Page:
LA Opera paints a similarly safe picture, with Il Trovatore AND Aida in the same season. Verdi wrote 25 operas, and yet the best we can apparently do is program the same few that are always performed. Verdi is juxtaposed against two German operas, Don Giovanni and Tannhäuser, also works programmed (perhaps) too often. Rossini also makes an appearance, with his La Cenerentola on the schedule. A work also performed frequently, at least it’s a secondary classic (unlike its cousin, the excessively performed Barber of Seville). Finally, the final opera of the season is by Missy Mazzoli, titled Breaking the Waves. The only break from the monotony of tradition and “classics.”

Why do I mention any of this? Wonderful and innovative work is happening all over if you’re willing to look. What’s the point of whining about what these major institutions are programming?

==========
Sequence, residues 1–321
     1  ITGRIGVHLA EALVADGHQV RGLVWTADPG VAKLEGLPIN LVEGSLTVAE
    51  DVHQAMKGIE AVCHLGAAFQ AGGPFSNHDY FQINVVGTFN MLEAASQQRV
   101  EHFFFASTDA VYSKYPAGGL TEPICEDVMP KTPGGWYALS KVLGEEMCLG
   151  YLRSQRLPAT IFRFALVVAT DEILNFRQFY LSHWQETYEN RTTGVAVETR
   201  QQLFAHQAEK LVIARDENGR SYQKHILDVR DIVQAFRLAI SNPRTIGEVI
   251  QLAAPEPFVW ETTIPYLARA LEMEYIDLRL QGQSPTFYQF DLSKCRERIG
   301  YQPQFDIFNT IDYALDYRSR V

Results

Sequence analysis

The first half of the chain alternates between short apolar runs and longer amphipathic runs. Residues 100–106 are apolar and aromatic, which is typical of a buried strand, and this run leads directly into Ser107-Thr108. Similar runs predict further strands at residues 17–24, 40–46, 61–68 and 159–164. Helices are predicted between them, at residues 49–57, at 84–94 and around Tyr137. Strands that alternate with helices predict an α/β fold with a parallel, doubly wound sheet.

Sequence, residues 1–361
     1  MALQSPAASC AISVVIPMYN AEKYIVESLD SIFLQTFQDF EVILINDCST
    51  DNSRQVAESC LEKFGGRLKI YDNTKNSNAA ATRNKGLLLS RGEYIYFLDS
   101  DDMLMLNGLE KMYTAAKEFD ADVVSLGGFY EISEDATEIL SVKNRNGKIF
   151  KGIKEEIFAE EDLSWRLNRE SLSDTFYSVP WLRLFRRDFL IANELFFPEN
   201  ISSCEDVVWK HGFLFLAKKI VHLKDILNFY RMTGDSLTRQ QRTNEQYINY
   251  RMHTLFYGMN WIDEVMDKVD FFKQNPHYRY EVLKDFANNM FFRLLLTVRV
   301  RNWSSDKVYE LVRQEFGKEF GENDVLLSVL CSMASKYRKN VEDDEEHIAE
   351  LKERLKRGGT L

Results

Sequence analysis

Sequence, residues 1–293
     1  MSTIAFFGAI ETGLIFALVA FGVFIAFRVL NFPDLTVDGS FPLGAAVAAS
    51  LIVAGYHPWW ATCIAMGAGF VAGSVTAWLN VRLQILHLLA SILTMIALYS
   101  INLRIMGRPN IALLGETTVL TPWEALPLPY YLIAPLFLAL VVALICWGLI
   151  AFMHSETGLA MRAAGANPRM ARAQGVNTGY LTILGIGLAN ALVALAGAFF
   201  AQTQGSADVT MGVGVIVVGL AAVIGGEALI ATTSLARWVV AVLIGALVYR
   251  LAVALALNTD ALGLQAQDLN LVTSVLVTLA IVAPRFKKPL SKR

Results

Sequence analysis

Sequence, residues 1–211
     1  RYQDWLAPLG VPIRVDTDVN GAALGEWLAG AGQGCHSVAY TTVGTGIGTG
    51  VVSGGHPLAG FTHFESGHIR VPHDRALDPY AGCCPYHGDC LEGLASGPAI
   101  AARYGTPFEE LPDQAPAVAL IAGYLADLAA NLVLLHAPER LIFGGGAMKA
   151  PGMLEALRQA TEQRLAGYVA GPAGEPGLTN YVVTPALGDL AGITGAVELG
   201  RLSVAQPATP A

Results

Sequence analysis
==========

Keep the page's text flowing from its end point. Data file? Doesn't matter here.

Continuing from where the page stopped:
For me, it seems to reflect a growing conservative trend in these particular organizations, one that I’ve begun to notice trickle down to smaller local organizations. For example, Beethoven’s 250th birthday this year has had a horrible impact on innovation in programming. One of the most oft-performed and esteemed composers in the history of European classical music, Beethoven does NOT need any more attention on these organizations’ calendars. If anything, the occasion should be marked by a season-long moratorium on his music. Despite this, CSO is advertising in bold lettering that next season is featuring the Missa Solemnis, one of the few orchestral works not performed by the orchestra this current season (this season excessively has featured all the symphonies and all the piano sonatas, because God knows we never see Moonlight Sonata performed).